Fulton, MO 37° View Live Radar Thu H 45° L 30° Fri H 45° L 39° Sat H 52° L 30° Weather Sponsored By:

Search ongoing for homicide suspects

Search ongoing for homicide suspects

January 19th, 2019 by Helen Wilbers in Local News

<p>Cabrera (left) and Ricketts.</p>

Probable cause statements in a recent Callaway County homicide reveal new details of the case.

Lauro Garza-Perez, of Columbia, was found dead of gunshot wounds Jan. 6 in the 1500 block of Old Highway 40, near the Boone County line. Two suspects have been charged in the death and are still being sought: Ruben Corales Cabrera, 33, and Emily Ricketts, 22, both of Indianapolis, Indiana. Both are considered armed and dangerous, law officials have said.

"The investigation is ongoing and investigators continue to follow leads, primarily in Columbia," Callaway County Sheriff Clay Chism said Friday. "(The suspects) are obviously doing their best to elude capture."

Two probable cause statements filed by sheriff's Lt. Curtis Hall outline the investigation thus far. They also hint at a possible motive: a conflict between Garza-Perez and Cabrera.

According to the probable cause statement, surveillance footage reviewed by deputies showed a Volkswagen Jetta driven by Garza-Perez heading down Old Highway 40 on Jan. 6, pursued by a red Chevrolet Corvette. Garza-Perez's Jetta entered the parking lot and came to a stop. The Corvette gets stuck in a ditch and a man exits by the driver's side door. Garza-Perez exited the Jetta and fled across the parking lot, attempting to climb a fence. The other man is seen catching up with Garza-Perez and appears to shoot him.

Five Winchester 9mm shell casings were recovered from the scene, Hall stated.

On Jan. 8, deputies found the Jetta in Columbia, being driven by Ricketts' brother — identified as R.R.J. in the statement.

The probable cause statement also states:

R.R.J. told authorities that following the homicide, Ricketts asked to use R.R.J.'s truck and traded him the Jetta. The Jetta is registered to Ricketts, Hall said.

According to Ricketts' father, R.R.S, she and Cabrera — nicknamed "Tiny" — were in a relationship. Both lived in Indianapolis. Deputies worked with the Department of Homeland Security U.S. Immigration and Customs Enforcement to positively identify Cabrera. Cabrera is under several arrest warrants, including one from Florida for distributing cocaine and another from Utah for distribution of a controlled substance.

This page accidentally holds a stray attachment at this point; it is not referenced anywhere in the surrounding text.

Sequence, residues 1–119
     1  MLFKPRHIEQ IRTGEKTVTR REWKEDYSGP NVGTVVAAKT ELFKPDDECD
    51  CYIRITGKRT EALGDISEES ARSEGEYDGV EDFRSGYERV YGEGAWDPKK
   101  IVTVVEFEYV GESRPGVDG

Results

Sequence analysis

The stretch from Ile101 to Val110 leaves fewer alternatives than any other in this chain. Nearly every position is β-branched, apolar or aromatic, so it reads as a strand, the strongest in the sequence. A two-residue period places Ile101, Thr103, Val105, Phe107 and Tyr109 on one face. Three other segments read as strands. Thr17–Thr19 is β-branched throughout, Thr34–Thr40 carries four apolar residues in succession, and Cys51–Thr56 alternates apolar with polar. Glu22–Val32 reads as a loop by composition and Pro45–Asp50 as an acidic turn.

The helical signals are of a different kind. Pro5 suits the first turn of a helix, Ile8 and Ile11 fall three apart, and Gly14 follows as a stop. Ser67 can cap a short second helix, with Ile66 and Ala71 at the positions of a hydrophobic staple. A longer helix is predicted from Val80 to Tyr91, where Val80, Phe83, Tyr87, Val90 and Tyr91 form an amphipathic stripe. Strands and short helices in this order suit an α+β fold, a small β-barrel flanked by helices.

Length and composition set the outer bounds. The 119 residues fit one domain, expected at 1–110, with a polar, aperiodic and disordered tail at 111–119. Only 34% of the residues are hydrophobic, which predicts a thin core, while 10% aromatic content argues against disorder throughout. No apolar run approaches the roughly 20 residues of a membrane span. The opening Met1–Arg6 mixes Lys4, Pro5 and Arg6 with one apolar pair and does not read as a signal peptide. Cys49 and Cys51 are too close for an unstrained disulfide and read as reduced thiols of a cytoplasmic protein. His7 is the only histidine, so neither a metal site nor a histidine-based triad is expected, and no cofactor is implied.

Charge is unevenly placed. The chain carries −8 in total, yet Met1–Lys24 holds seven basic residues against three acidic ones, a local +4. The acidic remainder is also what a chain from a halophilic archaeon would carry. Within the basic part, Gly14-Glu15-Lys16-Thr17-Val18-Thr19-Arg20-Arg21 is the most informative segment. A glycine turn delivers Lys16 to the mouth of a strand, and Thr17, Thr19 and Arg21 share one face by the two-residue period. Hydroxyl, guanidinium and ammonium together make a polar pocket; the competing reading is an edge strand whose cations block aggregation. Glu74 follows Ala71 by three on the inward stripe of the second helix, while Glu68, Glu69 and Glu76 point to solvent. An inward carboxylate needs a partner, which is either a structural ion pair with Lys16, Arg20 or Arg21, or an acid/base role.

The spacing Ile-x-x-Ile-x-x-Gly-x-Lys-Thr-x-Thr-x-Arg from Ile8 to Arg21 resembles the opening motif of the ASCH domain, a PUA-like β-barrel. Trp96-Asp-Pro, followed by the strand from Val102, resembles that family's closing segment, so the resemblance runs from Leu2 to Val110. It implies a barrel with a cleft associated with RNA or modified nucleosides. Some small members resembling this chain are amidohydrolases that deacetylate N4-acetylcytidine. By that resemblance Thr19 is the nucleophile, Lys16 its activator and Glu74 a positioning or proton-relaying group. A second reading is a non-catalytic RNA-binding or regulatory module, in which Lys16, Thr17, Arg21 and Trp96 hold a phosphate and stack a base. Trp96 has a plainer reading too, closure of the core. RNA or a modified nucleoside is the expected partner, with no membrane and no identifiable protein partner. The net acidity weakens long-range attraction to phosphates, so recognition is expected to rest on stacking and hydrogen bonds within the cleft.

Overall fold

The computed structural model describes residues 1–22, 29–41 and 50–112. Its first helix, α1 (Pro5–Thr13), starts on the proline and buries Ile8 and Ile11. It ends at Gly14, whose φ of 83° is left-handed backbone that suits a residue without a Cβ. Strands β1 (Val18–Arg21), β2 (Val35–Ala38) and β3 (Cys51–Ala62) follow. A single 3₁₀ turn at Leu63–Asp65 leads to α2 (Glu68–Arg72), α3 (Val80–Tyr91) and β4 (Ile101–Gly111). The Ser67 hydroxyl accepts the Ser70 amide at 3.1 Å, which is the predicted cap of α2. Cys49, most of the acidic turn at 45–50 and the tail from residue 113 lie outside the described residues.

Cabrera has ties to Mexico and has been deported multiple times, Hall stated.

Ricketts' brother told deputies he and Ricketts' father watched Cabrera spray-paint a red Corvette a darker color following the homicide. He said Cabrera confided to him that he chased Garza-Perez across a field and shot him multiple times. Garza-Perez had threatened Cabrera's family back in Mexico, Cabrera told R.R.J.

"These details regarding the shooting death had never been released to the public," Hall said.

Surveillance footage from a Columbia Walmart shows Ricketts purchasing 100 rounds of ammunition Jan. 5, according to Hall. Then, 95 minutes after the homicide on Jan. 6, Ricketts returned to the Walmart and purchased five cans of black spray paint, a cellphone and a prepaid phone card.

Information from Ricketts' father led deputies to the Corvette in Columbia. It had been spray-painted black.

On Jan. 10, R.R.S. told deputies that following the homicide, Ricketts called him. and arranged to pick up his truck.

"We are going on the run," Ricketts' father told deputies she said. "I love you."

GPS data from a cellphone associated with Cabrera and Ricketts pointed deputies toward Indianapolis. Law enforcement in Indianapolis located and seized R.R.S's truck.

"We are in contact with law enforcement agencies in various areas of interest in efforts to locate the charged suspects," Chism said Friday.

Cabrera and Ricketts have been charged with first-degree murder; Cabrera is also charged with armed criminal action.